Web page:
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Often an indicator is added to show when the reaction is finished to show the end point of a titration between an acid and an alkali an indicator can normally be used. The indicator can show when the base has been neutralised completely. Different indicators are suitable for different concentrations of strong and weak acids and alkali such as:* For a titration between a strong acid and a weak alkali = methyl orange is used as an indicator.* For a titration between a weak acid and strong alkali = phenolphthalein is used as an indicator.* For a titration between a strong acid and strong alkali = methyl orange or phenolphthalein is used.* For a titration between a weak acid and a weak alkali no indicator is suitable = a pH meter, conductivity meter or temperature probe has to be used.An analysis involving a titration is sometimes called a volumetric analysis. Titration’s have to be very accurate.A concentration is a measure of the amount of substance in a given volume of solution typically measured in mol dm.Calcium hydroxide (Ca(OH)In water calcium hydroxide form alkali solution, although they are not very soluble. Hydroxides can react with acids to form salts. A neutralising effect is used by farmers when they put lime- calcium hydroxide- on their field to neutralise soil acidity. This is done as if the soil is too acidic, most crops will not grow well.Hydrochloric acid (HCL)Hydrochloric acid is a strong acid. Hydrochloric acid is used to break our food into smaller molecules in our stomach. As it is a strong acid it has a much higher electrical conductivity then a weak acid, as more ions are present. It can react with metals, alkali, metal oxides, and metal carbonate and all of the reactions involve h ions. A 0.1 mol dm solution of strong acid such as hydrochloric acid has a pH value of 1.Method* Get all equipment ready to use, clean out all equipment with distilled water:- burette and burette stand- pipette and pipette filler- mini pipette’s- volumetric flask- conical flask- distilled water- hydrochloric acid- limewater- methyl orange indicator* Set up burette stand with burette.* Use a pipette filler and pipette to transfer 25cm of hydrochloric acid solution into a volumetric flask.* Once it has been transferred to the 250cm volumetric flask, add distilled water up to 250cm so that the hydrochloric acid is diluted. Then transfer this diluted solution via the funnel to fill up the burette to 50cm ready to use.* Then use pipette filler and pipette to transfer 25cm of limewater containing calcium hydroxide to a 250 conical flask.* Then using a mini pipette add 3 drops of methyl orange indicator to the conical flask containing the limewater.* Then place the conical flask with a glass tile underneath it to see visible colour change under the burette.* Then slowly add in small quantities or drop by drop from the burette the hydrochloric acid solution from the burette until the indicator shows a change to a permanent pink colour.* This is the end point of the titration.* Record your reading on the burette as a rough one, then repeat 3 times and record results in a table.How to dilute and why to dilute:The hydrochloric acid has to be diluted in order for it to react effectively with calcium hydroxide. This is due to the concentration and volume of hydrochloric acid being too much so has to be diluted to become less. This can be done by diluting it with distilled water in a volumetric flask as 25cm will be filled will HCL and the rest 225cm with distilled water up top the 250cm mark.Number of titration’s:First a rough titration will be done. The three more titrations will follow. These will be recorded in a table. The initial titration and average titration value will be calculated.Accuracy:When doing any titration you have to be very accurate in order to achieve the effective results. You must strictly follow out all instructions very carefully and measure all solutions out accurately. As if you make the hydrochloric acid too concentrated this can effect your titration results.Suitability:This is a very suitable and effective way to do and calculate a titration as is done this way all the time. It can show effective colour change.Risk assessment:Safety:Safety is very important when carrying out any practical experiment in the lab. Many general rules need to be followed in order to make sure we carry out our practical safelyGeneral rules:* Wear goggles at all time during the practical.* Wear lab coats to protect clothing.* If needed wear gloves.* Tie long hair back* Handle all glass equipment with care.Solutions:Calcium Hydroxide in lime waterCORROSIVE = causes burns. Irritating to eyes, skin and respiratory system so do not inhale.AcidIf:What to do:ProtectionCalcium HydroxideswallowedWash out mouth. Seek medical attention.DON’T BE SO STUPID!!!,, ,,Solution gets into eyesFlood the eye gently with water for 10 minutes. If needed seek medical attention.Be very careful when handling. Wear gloves.,, ,,If spilt on skin or clothesRemove contaminated clothing. If blistering or reddening occurs seek medical advice.Be very careful when changing. Wear gloves.,, ,,If spilt in laboratoryScoop up as much as you can into a bucket. Add water to contaminated area and add mineral absorbent.Stay well away from area where spilt. Wear eye protection and gloves.With water = the reaction with water is vigorous and generate heat.Hydrochloric AcidMay cause burns. The vapour is very irritating to the respiratory system.If:Protection:swallowedWash out mouth and take a glass of water.If vapour inhaledMove victim to fresh air to rest and seek medical attention if breathing is at all effected.If liquid gets into eyesFlood eyes with water for 10 minutes. Seek medical attention if needed.If liquid spilt on skin or clothes.Flood water to effective area. Remove contaminated clothing. If blistering occurs seek medical attention.IndicatorNot really as harmful as other solutions but if any of the above happen take the same protection advice as above.Less harmful when put into diluted solution.Indicator going to use is methyl orange.Equipment ListAll the equipment that will be needed to carry out this practical experiment.EquipmentWhat used for/choice?buretteTo dilute calcium hydroxide and fill with. Accurate to used and can let solution drip bit by bit.Burette holder with funnelTo hold burette securely and funnel to pour solution through.Pipette with pipette fillerTo accurately measure out 25cm of solution needed and transfer using pipette holder to volumetric flask.Mini pipette (a few)To transfer solutions (3 drops of indication – methyl orange) to where needed. Accurate and easy to use. Use a different pipette for each different solution.Conical flaskTo place under burette containing hydrochloric acid. Clear to easily see change of colour.Volumetric flaskTo dilute limewater in up to the mark.Indicator- methyl orangeTo add to hydrochloric acid. To show end point of titration.Distilled waterTo wash out equipment after every titration and to dilute limewater.Limewater containing calcium hydroxideAlkali solution in burette testing for it’s solubility and to find it’s concentration.Hydrochloric AcidTo place in conical flask and titrate against lime water containing calcium hydroxide.ANALYSISING EVIDENCE AND DRAWING CONCLUSION:RESULTS:titrationrough123Final burette reading19.0cm19.6cm20.0cm20.5 cmInitial burette reading0000titre19202021Average titration = 20+20+21=6161 by 3 = 20.3Calculating of diluted acidHydrochloric acid has to be diluted in order for it to react effectively with limewater.25cm = o.3 mol dmIt is diluted to 250 so then the concentration of the diluted hydrochloric acid becomes 0.03 mol dmCalculate the concentration of limewater solution:It takes 25cm of 0.03 of hydrochloric acid to nentralise 35 of calcium hydroxide.Step1Ca (OH) + 2HCL Cacl + 2H OShow how 1 mole of Ca(OH) reacts with 2 moles of hydrochloric acid.Step 2Find out how many moles of hydrochloric acid were used.We use 25cm of 0.03 mol dm of HCL.In 1cm of the solution we would have 0.031000 x 30 moles of HCLMOLES OF HCLNumber of moles in a solution = concentration x volume of solution in cm1000= 0.3 x 25cm1000 = 7.5 for 1 moleIn the balanced equation there is 4 moles of HCL which equals 7.5 x 4 = 30 molesstep 33025 x 30 moles = 0.36The concentration of calcium hydroxide is 0.36 mol dmEVALUATING EVIDENCE AND PROCESS ASSESMENTRELIABILTYOn general terms the experiment is reasonably reliable but in any titration there are errors or uncertainties related to the precision of the equipment used.The precision errors are as follows:- volumetric flaskWhen a 25o volumetric flask is filled correctly the bottom of the menicus rests on the calibration. The error is o.2 cm 0r 0.08%.Burette:One drop from the burette has a volume of approximately 0.05cm. an error in one drop of 50cm = 0.4%PipetteWhen a 25cm pipette is used correctly it is allowed ti drain and retain the last drop. The error is 0.06cm or 0.24%.Calculating the percentage errorPercentage error = error x 100ReadingVolumetric flask= 0.2 x 100250 =0.08Burette= 0.4 x 10050 = 0.8Pipette= o.o6 x 10025 = 0.24Procedural error can arise if your practical technique is not good. A good technique will involve:Method can be improved by:* the solution in the volumetric flask needs thorough mixing* all equipment should be washed out using distilled water* the end point of the titration can only be determined accurately if the solution from the burette is added drip by drop with swirling as the end point is reached.* When an indicator is used in a titration only the minimum number of drops is added each time.There was not really any anomalous result as all the 3 titration’s done has very close and similar readingsThe titration was done 3 times to improve the reading of the experiment.Any additional titration’s done after 3 times were not really necessary to ensure that the results were accurate.The overall accuracy and reliability of the evidence that the experiment supplied is reasonably accurate as the 2 solution did react together well and a noticeable colour change from a pale orange to a permanent pink was visible.Due to the percentage error in the experiment technique is could have resulted in maybe the readings being slightly lower then they really should have been.CourseworkSolubility of calcium hydroxideBy Sabina fareedReferencechemical ideas bookChemistry for you by lawrie ryanChemical ideas work sheets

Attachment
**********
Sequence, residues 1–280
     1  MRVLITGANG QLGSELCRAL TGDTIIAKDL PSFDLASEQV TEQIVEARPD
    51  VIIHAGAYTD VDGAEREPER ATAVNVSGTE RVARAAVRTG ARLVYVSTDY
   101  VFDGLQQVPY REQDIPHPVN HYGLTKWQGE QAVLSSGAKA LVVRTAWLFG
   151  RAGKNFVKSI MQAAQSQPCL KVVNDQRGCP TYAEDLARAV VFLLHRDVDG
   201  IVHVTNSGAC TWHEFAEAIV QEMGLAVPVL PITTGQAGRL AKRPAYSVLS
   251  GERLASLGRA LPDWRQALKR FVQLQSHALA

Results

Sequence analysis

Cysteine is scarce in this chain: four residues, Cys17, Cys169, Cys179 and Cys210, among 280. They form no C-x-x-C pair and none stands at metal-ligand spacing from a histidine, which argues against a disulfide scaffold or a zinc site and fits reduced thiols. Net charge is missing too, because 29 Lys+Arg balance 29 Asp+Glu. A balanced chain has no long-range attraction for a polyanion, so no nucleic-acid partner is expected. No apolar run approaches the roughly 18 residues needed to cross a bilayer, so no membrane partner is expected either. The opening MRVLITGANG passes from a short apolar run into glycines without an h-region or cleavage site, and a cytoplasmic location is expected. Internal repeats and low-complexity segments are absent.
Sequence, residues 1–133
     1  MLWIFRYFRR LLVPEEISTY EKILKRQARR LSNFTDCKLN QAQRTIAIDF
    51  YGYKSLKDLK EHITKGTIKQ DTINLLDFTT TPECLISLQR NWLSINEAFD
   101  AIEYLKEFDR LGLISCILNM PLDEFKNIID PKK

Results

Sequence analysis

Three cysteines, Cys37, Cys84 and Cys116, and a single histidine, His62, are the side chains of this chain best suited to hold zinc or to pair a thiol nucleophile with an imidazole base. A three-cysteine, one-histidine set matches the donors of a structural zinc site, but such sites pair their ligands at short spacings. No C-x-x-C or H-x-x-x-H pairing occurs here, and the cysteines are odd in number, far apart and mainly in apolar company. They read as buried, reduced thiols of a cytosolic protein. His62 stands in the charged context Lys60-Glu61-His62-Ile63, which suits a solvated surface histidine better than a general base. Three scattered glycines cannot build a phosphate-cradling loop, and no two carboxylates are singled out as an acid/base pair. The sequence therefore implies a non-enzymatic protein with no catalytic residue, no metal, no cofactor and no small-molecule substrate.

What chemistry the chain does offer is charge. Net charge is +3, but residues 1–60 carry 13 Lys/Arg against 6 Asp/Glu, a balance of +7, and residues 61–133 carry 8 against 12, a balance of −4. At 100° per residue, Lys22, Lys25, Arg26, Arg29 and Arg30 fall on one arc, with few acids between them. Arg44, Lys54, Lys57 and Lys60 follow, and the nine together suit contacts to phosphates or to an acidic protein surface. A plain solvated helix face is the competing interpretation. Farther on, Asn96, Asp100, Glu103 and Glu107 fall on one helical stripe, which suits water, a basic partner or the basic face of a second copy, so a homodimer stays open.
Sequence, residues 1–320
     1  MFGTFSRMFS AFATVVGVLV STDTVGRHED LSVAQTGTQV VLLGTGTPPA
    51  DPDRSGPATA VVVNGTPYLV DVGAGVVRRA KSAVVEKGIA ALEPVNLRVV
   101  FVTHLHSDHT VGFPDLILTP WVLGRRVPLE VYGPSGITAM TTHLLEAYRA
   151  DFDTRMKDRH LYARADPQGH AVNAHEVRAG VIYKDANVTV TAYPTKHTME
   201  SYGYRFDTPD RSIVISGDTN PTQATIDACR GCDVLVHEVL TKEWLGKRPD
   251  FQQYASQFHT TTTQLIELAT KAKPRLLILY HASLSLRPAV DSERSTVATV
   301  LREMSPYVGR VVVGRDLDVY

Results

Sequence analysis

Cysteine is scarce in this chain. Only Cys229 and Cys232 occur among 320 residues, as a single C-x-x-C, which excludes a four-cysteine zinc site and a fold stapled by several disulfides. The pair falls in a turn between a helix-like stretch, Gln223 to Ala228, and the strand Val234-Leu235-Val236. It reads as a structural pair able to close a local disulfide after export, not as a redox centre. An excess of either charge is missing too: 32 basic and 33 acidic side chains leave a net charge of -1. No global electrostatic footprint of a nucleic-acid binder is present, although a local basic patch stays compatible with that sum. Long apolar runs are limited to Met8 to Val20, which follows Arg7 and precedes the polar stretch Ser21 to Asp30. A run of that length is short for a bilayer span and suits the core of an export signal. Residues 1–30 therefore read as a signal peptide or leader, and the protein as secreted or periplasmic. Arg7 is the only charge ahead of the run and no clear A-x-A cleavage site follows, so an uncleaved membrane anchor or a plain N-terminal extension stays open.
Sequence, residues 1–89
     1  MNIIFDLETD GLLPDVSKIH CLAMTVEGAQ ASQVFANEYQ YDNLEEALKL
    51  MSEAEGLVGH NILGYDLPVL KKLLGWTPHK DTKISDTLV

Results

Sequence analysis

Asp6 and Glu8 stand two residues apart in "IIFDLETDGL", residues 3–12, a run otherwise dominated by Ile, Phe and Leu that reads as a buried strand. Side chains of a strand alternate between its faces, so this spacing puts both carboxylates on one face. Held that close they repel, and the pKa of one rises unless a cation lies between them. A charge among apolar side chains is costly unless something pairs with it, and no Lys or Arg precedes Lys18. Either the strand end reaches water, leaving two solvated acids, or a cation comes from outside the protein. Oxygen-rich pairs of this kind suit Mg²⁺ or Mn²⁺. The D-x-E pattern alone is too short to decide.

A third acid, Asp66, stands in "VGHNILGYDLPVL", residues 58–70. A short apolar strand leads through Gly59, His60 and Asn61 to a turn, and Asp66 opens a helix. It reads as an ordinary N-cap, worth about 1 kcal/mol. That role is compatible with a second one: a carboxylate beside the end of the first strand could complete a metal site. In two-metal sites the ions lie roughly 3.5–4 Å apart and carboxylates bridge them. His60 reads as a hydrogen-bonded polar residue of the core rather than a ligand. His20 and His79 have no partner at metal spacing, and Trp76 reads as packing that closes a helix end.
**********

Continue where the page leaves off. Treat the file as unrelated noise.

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Procedural Error Titration